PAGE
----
Your post makes me want to take a closer look at this issue.

    1. SHG Post author

      This is one of those “that’s the way it is” things that shouldn’t be. But you know how much judges like to rock the system-boat, make things happen the way the law requires and cut defendants loose when the constable blunders.

      By the way, the reason its 48 hours is the United States Supreme Court’s decision in County of Riverside v. McLaughlin, pretty damn good authority to demand 48 hour max. Note the dissent by Scalia, by the way.

    2. Fubar

      Some, certainly not all, long time to arraignment periods can be explained by arrest times and the calendar of court holidays, as noted in County of Riverside v. McLaughlin by SHG.

      I’m not sure how many, or which, CA counties combine PC hearings with arraignment for non-warrant arrests, the implications of which practice was at issue in McLaughlin.

      It’s been a long time, but as I recall in the couple of counties I had some familiarity with, most 4-5 day periods from arrest to arraignment were result of arrest late on Wednesday preceding a four day holiday weekend. Frequently these were DUI, from after-work “happy hour” drinking before holiday weekend.

      1. Rick Horowitz

        Unless I’m misreading McLaughlin, the “48-hour rule” is not simply a matter of whether or not a PC hearing is combined with arraignment. Granted the Court allowed up to 48 hours because of that, but they also went on to say:

        Where an arrested individual does not receive a probable cause determination within 48 hours…the arrested individual does not bear the burden of proving an unreasonable delay. Rather, the burden shifts to the government to demonstrate the existence of a bona fide emergency or other extraordinary circumstance.

        The Court then notes that “intervening weekends” do not qualify as extraordinary circumstances.

        In that respect, I’m still left trying to decide why California excludes weekends.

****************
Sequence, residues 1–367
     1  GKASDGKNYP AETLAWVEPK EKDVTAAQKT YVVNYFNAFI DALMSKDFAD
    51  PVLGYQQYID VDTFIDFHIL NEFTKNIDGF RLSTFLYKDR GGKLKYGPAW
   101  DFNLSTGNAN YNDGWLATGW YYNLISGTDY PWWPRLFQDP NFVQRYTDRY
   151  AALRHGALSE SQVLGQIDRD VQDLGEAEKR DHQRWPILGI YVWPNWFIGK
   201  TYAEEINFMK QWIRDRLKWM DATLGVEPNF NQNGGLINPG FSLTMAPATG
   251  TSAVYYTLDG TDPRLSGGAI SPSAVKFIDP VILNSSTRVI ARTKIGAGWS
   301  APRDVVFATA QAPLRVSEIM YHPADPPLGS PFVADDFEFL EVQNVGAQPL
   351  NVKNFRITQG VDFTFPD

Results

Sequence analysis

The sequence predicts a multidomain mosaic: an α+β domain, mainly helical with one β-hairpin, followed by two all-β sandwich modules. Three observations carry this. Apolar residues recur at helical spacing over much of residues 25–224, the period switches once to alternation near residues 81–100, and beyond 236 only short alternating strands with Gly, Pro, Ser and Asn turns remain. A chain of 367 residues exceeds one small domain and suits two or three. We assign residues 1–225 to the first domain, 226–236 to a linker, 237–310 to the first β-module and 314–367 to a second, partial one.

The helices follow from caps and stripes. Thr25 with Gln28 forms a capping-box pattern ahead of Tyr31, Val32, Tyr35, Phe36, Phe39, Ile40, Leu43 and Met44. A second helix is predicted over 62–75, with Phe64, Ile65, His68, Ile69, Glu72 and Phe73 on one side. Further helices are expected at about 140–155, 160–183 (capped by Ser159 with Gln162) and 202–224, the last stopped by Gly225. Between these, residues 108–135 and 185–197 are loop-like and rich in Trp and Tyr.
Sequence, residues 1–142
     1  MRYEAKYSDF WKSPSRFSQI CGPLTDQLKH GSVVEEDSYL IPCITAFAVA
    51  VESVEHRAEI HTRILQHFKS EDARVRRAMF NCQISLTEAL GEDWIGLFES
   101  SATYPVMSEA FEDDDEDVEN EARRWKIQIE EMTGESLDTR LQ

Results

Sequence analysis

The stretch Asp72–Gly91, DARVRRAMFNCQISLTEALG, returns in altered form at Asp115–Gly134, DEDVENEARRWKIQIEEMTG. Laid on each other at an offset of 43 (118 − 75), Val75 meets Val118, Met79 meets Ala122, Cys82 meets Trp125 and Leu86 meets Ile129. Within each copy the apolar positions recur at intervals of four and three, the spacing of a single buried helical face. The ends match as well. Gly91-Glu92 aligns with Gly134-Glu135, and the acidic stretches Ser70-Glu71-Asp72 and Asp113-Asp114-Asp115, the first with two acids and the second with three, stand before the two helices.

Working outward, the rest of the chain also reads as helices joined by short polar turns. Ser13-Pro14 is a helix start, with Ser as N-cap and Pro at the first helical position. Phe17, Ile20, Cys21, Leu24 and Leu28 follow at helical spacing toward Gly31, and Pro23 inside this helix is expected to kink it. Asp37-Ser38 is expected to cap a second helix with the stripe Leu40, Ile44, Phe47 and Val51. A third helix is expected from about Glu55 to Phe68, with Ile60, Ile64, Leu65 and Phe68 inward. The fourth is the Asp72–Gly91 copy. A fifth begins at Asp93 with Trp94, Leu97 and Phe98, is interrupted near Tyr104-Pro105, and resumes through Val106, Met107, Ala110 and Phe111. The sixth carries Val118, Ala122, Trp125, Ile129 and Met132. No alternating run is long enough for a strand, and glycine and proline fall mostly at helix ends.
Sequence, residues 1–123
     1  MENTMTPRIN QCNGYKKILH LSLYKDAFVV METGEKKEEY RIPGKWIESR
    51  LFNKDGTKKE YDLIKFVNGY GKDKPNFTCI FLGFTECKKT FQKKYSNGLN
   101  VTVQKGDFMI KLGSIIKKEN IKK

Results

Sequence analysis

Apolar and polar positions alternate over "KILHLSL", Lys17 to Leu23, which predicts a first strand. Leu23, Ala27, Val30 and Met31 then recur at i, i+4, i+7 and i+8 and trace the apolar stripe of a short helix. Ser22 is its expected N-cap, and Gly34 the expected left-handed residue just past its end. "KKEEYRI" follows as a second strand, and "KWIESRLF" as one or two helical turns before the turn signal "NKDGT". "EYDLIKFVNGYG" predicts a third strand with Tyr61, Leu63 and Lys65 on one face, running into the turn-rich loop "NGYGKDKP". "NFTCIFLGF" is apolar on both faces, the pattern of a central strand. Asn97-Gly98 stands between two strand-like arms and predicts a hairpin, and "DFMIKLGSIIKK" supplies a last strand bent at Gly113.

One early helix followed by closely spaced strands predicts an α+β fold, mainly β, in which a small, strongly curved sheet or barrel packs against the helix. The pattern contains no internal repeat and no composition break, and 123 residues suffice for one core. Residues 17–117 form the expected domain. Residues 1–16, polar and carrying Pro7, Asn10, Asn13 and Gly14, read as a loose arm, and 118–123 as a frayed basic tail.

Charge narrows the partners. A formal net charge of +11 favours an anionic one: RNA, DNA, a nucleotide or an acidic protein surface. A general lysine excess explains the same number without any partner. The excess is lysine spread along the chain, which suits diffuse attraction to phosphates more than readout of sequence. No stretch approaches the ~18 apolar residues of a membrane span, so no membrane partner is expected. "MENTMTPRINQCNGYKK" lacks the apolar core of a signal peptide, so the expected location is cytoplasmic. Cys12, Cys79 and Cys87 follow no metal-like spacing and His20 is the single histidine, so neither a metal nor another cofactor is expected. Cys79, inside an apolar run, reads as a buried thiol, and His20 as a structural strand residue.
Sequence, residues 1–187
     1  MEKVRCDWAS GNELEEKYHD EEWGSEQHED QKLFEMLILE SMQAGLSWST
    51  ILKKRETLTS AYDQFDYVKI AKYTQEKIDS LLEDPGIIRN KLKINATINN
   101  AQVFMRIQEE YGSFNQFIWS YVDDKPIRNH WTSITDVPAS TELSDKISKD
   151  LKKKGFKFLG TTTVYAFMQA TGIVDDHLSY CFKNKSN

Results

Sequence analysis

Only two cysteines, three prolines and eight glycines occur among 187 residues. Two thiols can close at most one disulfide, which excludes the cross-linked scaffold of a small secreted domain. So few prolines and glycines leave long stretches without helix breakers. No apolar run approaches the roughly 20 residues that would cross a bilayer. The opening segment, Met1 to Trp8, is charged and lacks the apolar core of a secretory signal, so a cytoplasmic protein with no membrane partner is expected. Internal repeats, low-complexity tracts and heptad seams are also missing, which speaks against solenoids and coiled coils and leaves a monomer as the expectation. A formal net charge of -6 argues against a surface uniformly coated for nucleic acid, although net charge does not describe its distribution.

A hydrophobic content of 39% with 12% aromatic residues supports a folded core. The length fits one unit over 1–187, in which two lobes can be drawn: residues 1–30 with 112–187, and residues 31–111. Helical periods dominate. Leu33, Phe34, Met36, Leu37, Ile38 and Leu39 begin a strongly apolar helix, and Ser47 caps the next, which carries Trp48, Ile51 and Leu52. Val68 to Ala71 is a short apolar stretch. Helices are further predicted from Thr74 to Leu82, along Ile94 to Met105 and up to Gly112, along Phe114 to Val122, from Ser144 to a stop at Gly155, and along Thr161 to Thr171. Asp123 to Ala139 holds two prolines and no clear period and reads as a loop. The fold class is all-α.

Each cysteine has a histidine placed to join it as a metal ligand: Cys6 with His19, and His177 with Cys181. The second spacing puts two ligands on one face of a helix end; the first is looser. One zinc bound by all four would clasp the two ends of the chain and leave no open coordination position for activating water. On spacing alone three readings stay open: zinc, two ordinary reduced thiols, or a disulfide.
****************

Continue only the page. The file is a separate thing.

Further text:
1. SHG Post author

          That is my understanding of Riverside as well, and the “three day weekend” provides no excuse whatsoever to delay an arraignment, and is a facially unconstitutional.

          So it’s weekend? What does that have to do with the presumptively innocent person in jail awaiting arraignment? It’s no excuse for holding someone in custody more than the permitted 48 hours, and it shouldn’t be “accepted” by lawyers as being a sufficient excuse. They arrest ’em 7 days a week? Then arraign ’em 7 days a week.

          1. Fubar

            I’m certainly not going to raise a sweat to find an argument or cases against shorter times to arraignment, since I’m in favor of both your and RH’s position. I was just noting what I observed to be some local practice.

            And, considering RH’s point, I also find the practice very curious. There appears to be a dog not barking in the California night.

  2. pml

    Makes you wonder why NYC takes 24hrs or longer and in every other upstate city or town defendants get arraigned within less than 12 hrs on average and in most towns its a matter of an hour or two.

  3. Brett Middleton

    I just couldn’t help thinking about what a great commercial NYC could make out of Rayvone Gibson’s testimonial to the system. Thanks, Dan!

  4. AlphaCentauri

    We can’t afford the resources to get people arraigned or brought to trial faster, but we’ve always got money to build more jail cells to hold them in.

  5. Pingback: The Suspicion Tax | RHDefense: The Law Office of Rick Horowitz